Sarah FitzGerald: And the remote thing of course, you know, is a little scary in general. Mm-hmm um, and then fourth grade was really scary for me. That felt like a huge jump from first. Yeah. Um, and to be honest, I felt like it would be a good foot in the door. And then I would kind of get a feel for if there’s other grades that open up and ironically a second grade position did actually open up and I [00:13:00] had zero interest and okay.

Sarah FitzGerald: Yeah. So this will be my third year teaching fourth grade. I love it. And I would say about seven of the kids last year were taller than me. wow. Okay. So I prepared for that now every year. Yes. Um, but I absolutely love it and I, I don’t know. This might be the perfect grade for me. Okay.

Sierra Tai-Brownlee: Interesting. Um, and then.

Sierra Tai-Brownlee: What do you think maybe what skills do you think helped you go into teaching or maybe had you learned before you went into teaching? Um, yeah. That you think are really applicable,

Sarah FitzGerald: you know, for me, I think some potentially non-traditional things have really prepared me to be successful. I think that, you know, I did my student, I did part of my student teaching in, um, Guang, China in 2014.[00:14:00]

Sarah FitzGerald: And I was expecting to enter an environment that was very rigid. and that I really need, and I love that I was really excited cause I’m kind of type a and I really like things very structured. And so I was like, okay, great. Like I’m gonna have a set schedule. I’m gonna know exactly what’s happening, what grades I’m teaching.

Sarah FitzGerald: And it was the opposite because of the dynamics of the country. Um, that certainly trickled down into how the schools were run, how the students behaved. The relationship between the teacher and the student. And I was blindsided at how flexible I needed to be. Mm-hmm and that was very challenging for me.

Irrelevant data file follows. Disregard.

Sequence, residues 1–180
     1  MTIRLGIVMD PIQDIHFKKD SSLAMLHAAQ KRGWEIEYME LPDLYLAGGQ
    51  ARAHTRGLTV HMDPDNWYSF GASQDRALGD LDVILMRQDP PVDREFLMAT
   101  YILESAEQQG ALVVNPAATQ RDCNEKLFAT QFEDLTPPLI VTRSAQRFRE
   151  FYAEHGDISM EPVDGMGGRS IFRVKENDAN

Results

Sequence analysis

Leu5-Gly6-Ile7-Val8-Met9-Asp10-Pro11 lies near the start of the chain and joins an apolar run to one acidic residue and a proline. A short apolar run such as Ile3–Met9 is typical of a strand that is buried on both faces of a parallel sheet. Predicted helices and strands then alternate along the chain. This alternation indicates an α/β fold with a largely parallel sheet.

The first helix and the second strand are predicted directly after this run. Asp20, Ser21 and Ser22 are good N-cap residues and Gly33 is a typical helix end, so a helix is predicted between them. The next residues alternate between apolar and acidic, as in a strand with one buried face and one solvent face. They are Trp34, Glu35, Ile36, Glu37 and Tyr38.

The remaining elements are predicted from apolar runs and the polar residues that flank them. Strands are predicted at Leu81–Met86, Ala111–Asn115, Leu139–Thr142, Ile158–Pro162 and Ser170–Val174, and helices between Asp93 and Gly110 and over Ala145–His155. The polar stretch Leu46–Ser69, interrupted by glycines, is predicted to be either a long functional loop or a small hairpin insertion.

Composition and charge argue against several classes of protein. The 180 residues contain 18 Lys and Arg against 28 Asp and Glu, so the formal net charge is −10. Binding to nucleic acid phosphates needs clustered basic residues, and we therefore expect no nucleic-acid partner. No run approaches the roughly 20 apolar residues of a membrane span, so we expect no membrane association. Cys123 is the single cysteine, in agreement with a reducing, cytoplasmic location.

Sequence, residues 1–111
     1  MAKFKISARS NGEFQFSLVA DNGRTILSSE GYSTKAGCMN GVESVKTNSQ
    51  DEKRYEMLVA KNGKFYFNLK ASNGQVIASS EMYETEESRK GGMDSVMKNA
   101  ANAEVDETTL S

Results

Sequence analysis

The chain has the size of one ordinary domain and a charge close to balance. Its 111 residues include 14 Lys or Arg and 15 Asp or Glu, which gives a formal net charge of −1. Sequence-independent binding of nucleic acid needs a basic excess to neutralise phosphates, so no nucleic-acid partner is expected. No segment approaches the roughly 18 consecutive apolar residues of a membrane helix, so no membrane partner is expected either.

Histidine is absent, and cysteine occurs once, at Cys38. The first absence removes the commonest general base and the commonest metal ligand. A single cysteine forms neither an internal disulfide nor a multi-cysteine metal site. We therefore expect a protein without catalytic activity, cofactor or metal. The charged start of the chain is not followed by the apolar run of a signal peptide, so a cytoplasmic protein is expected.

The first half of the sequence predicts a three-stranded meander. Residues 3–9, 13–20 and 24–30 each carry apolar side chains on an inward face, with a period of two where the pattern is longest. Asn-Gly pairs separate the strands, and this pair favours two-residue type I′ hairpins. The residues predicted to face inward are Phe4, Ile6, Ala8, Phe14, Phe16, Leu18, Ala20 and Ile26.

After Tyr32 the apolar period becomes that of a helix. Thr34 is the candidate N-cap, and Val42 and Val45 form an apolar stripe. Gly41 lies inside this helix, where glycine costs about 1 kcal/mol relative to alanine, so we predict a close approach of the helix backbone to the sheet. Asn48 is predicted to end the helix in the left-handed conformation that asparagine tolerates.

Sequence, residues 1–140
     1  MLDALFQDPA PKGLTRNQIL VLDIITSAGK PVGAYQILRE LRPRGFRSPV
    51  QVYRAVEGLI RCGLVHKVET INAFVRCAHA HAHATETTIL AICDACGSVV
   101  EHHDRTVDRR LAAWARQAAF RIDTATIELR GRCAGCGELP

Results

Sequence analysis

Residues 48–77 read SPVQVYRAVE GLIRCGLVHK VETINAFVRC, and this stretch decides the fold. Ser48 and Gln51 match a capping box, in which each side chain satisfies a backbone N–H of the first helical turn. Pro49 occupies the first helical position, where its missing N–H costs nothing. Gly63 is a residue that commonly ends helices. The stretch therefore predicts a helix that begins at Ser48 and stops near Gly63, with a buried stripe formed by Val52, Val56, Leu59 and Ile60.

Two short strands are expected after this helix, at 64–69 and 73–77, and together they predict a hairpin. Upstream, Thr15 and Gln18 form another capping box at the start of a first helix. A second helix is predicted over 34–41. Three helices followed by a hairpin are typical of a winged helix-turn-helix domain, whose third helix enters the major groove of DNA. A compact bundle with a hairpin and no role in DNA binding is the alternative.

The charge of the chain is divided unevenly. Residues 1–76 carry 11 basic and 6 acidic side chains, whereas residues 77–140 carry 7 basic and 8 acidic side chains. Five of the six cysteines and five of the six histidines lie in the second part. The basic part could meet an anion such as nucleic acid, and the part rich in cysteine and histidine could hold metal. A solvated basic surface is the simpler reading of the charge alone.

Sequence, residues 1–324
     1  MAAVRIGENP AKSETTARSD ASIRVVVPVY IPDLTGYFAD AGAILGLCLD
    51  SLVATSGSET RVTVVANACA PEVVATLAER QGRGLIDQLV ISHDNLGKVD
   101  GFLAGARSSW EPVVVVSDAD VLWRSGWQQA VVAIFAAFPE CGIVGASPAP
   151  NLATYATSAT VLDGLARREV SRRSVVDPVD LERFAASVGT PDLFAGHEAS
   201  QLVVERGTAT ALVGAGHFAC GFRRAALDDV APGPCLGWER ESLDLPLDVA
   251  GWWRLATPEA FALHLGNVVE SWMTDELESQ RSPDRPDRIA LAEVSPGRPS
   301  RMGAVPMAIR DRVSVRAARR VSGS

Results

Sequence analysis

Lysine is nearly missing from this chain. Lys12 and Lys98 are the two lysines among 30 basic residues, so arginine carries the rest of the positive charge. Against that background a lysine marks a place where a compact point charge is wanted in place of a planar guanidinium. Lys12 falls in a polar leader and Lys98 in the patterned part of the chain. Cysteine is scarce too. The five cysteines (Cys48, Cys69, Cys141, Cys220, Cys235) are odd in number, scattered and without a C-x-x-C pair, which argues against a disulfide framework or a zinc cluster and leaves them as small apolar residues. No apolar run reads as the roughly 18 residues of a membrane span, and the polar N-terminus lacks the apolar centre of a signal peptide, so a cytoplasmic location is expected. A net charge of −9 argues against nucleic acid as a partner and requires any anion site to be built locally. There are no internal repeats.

Sarah FitzGerald: Um, I didn’t have a choice I had to be. Um, and because of that, that is one of the biggest things that has translated into my teaching life here in the United States. And it sounds really silly. but the idea of covering someone’s recess [00:15:00] duty for them spontaneously, and the idea of, you know, a student having an issue and you needing to stop a lesson and do something else.

Sarah FitzGerald: Mm-hmm , those are skills that are really important and they build community. Um, and so those were things that I really brought into. My career that I wasn’t expecting. Mm-hmm I think, I think also, you know, sometimes I joke like, oh my gosh, if I would’ve just gone to college, when I was supposed to go to college, then I would be retiring in five years or whatever it might be, or, you know, different things like that.

Sarah FitzGerald: Um, or I would be making more money cause I would have more experience, but, but honestly, I don’t know that I would be where I am today. If I. Gone on that path that I had expected. When I went back to college a little older at 31, I took it very seriously and I had a mortgage to pay. I have [00:16:00] responsibilities that I wouldn’t have had when I was 18 years old.

Sarah FitzGerald: And so I was very focused, not only on actually getting good grades and learning, but also getting it done quickly so that I could start making. Money, even if it was even if it was a teacher’s salary, at least it wasn’t seven part-time jobs. Yeah. Um, so yeah, I think those are the things that I was not expecting to bring in and to learn that I, that I have.